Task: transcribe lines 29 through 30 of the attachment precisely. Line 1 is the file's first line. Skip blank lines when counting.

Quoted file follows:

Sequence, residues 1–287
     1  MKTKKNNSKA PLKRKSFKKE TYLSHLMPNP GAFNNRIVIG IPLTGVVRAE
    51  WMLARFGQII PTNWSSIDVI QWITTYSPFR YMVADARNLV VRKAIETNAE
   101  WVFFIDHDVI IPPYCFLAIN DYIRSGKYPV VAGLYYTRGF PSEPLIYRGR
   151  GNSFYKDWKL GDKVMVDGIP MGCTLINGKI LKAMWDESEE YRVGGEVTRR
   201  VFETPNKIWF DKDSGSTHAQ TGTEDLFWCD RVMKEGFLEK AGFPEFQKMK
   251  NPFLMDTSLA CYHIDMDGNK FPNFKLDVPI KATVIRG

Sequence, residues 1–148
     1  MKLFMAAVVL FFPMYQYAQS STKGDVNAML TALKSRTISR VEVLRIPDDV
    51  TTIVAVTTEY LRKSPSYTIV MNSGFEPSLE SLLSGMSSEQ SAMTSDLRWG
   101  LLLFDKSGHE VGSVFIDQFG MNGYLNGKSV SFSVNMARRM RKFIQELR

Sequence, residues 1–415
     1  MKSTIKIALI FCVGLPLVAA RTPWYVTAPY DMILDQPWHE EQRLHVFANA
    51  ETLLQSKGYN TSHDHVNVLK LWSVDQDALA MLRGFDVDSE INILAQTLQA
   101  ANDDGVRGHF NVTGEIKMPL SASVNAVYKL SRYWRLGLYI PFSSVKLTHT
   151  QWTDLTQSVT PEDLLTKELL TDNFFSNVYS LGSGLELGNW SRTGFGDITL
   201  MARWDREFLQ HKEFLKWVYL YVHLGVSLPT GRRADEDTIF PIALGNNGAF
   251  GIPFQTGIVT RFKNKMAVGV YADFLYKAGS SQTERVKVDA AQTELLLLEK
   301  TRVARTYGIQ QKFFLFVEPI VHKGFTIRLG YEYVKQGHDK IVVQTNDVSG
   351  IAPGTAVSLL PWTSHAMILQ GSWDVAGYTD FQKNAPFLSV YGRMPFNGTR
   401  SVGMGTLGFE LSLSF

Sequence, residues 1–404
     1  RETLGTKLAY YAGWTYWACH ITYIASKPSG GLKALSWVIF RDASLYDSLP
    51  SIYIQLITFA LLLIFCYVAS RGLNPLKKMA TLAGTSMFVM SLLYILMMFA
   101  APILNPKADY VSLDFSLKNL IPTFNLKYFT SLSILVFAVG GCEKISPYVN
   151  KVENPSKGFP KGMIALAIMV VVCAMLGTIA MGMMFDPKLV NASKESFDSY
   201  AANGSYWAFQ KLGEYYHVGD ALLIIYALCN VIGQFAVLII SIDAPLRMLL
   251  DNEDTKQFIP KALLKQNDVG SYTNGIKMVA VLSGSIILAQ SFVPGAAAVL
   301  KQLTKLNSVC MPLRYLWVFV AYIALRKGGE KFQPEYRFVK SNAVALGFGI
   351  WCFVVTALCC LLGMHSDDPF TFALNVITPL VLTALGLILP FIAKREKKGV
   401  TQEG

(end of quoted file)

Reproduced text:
   301  KQLTKLNSVC MPLRYLWVFV AYIALRKGGE KFQPEYRFVK SNAVALGFGI
   351  WCFVVTALCC LLGMHSDDPF TFALNVITPL VLTALGLILP FIAKREKKGV